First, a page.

Trumpeter Swan Facts
- Blog Post by: T.R. Michels
- May 30, 2011 - 11:39 AM
Trumpeter swans (Cygnus buccinator) reach lengths of 60 inches, with wind spans of up to 95 inches. They weigh from 21 to 35 pounds, and can live up to 25 years. Nesting trumpeters can be found in western Montana, along the borders where Wyoming, South Dakota and Nebraska meet, and in central Minnesota and east central Wisconsin. They were once common throughout North America, but due to market hunting for down and feathers, plus subsistence hunting and egg collecting, they were presumed to be exterminated by the 1880's. In 1919 two nests were found in Yellowstone Park.
Minnesota swan restoration began in 1996 by the Hennepin County Parks commission. In 1982 the Minnesota Department of Natural Resources began a recovery program. By 1994 the project and released 215 swans, and there was an estimated free-flying flock of 250 birds in Minnesota.
Swans are bottom feeders, using their long necks to search for plants and tubers to eat from the bottoms of ponds, lakes and rivers. They begin nesting in mid-April, with nests as large as sex feet across, they often use muskrat or beaver hives as nesting platforms. They lay from 3 to 8 eggs, but have only a 30% hatching success ratio. Incubation lasts 33 days.
Newly hatched swans, called cygnets, may gain 20% of their body weight each day; they are fully feathered by 7-8 weeks, but are unable to fly until 15 weeks, they begin daily practice flights in mid-September. Cygnets are gray-colored for their first year.
The young swans remain with their parents throughout the winter. They are usually chased away from the parents during their second winter, but may stay with their siblings up to two years, thus most of the small groups seen flying consist of a mated pair, and their young of the past two years. During their second year young swans choose a mate on the wintering grounds; they remain mated to until one of them dies.
Young swans usually nest the first time between 3 and 6 years of age, on nests in remote areas, where they claim a territory of 3-6 acres; with a long expanse of open water, which they use to taxi before they take flight.
Lead poisoning from shotgun shell pellets, illegal hunting, power lines, predators and loss of habitat are the main threats to trumpeter swans.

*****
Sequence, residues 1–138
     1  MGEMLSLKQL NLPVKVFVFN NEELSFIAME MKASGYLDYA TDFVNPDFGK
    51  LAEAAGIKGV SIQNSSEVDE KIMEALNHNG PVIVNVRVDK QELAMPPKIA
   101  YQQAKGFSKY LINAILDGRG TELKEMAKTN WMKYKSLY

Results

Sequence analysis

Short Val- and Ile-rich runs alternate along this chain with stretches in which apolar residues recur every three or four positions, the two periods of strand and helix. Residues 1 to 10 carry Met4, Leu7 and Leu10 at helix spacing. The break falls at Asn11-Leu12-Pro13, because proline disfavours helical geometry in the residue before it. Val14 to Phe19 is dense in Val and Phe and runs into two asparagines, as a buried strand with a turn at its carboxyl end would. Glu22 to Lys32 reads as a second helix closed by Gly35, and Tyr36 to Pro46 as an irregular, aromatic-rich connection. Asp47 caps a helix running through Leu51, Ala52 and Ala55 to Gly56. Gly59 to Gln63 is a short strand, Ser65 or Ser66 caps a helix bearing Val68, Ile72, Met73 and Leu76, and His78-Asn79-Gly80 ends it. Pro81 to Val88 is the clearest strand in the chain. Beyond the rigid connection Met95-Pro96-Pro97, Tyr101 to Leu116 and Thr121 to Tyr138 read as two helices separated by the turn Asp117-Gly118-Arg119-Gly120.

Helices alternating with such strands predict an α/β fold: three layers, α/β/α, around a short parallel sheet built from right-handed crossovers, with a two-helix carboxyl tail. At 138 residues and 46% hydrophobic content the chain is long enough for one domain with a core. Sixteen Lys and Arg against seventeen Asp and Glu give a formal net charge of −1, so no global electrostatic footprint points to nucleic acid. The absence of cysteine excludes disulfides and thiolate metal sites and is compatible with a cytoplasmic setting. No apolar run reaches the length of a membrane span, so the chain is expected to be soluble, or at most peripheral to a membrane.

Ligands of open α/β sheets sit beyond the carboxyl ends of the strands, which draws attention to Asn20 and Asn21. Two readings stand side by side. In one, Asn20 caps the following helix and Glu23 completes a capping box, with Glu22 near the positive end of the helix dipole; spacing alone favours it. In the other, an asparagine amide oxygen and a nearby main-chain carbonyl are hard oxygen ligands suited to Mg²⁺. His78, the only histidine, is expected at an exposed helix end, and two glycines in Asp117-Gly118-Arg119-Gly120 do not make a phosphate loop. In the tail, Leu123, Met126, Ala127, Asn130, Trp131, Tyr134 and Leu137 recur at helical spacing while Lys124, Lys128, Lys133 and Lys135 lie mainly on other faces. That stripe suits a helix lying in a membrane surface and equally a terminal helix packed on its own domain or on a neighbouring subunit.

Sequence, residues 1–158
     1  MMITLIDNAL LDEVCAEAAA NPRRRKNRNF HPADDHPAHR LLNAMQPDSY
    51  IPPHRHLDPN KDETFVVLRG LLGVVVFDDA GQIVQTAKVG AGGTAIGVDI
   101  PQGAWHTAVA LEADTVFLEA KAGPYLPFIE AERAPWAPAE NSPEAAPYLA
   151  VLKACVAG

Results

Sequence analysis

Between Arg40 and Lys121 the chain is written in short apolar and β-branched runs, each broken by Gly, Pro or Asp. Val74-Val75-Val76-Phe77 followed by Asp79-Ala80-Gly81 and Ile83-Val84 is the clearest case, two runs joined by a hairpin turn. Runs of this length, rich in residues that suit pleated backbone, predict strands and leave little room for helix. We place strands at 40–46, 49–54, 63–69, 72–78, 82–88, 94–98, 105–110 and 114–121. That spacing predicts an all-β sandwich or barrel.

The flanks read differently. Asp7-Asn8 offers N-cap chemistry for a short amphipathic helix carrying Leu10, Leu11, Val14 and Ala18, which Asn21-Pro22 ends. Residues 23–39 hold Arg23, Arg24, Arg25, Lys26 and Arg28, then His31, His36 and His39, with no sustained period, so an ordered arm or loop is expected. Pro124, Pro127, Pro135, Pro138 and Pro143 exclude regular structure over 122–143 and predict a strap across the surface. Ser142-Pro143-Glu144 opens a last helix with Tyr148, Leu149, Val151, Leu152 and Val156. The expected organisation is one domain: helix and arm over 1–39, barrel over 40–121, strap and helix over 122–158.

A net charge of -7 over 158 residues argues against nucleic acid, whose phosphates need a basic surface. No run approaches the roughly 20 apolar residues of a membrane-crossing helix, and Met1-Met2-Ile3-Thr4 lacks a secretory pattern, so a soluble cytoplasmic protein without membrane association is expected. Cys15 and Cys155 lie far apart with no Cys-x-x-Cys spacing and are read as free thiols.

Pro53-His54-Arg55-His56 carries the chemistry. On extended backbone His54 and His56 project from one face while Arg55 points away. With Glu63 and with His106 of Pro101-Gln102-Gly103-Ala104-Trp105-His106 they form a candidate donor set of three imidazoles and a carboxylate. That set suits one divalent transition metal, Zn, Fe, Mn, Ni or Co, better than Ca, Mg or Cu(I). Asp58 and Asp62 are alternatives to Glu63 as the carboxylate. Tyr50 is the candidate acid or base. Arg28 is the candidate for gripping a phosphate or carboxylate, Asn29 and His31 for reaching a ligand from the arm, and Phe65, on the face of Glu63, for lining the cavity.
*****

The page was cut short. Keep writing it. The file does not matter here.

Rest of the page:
The sizes of the three populations of trumpeter swans in North America were assessed in 2000. Methods for the survey were similar to those of previous surveys, which generally occurred at 5 year intervals beginning in 1968. Collectively, a total of 23,647 swans were counted, which is about 3,900 (20%) more than in 1995 and 20,000 (535%) more than in 1968. Each of the three populations grew to record high levels in 2000. The Pacific Coast Population (PCP) remains numerically largest at 17,551, which is 8% higher than its 1995 estimate. The Rocky Mountain Population (RMP) increased 46% since 1995 to 3,666 swans. The Interior Population (IP) increased more than 150% since 1995 and now numbers 2,430 individuals.
The Interior Population are the birds that nest in the Upper Midwest States and south central Canada. Up to 1,500 of these swans have been wintering on the Mississippi River in Monticello, Minnesota, where the hot water discharge from an NSP Power Plant keeps the river from freezing. These birds can be seen from November through February each year.
I will be offering Trumpeter Swan Viewing & Photography Tours, weekdays and weekends, beginning about mid-November, or as soon as the water up north freezes and the swans begin to winter in Monticello, throuugh early March. If you have never seen or heard these magnificent birds up close, in large numbers, this trip is a real treat, for the whole family. The birds offer great opportunities for photographers. I will also be offering tours to view and photograph migrating tundra swans where they stop off on the Mississipi River in southern Minnesota, and rest before continuing east to their wintering grounds on the Atlantic coast. Tours will run from mid-October through Thanksgiving, or as long as they stay here.
Log on to www.TRMichels.com and click on Natural History tours to view the numerous other trips we offer - including Rocky Mountain National park in mid-September for bugling elk, moose and bigborn sheep; and Custer State Park in the Black Hills, for bugling elk, American bison, pronghorn, mule deer, white-tailed deer, the rare black-footed ferret and other photography opportunties in early September. Contact me anytime for dates and rates. TRMichels@yahoo.com
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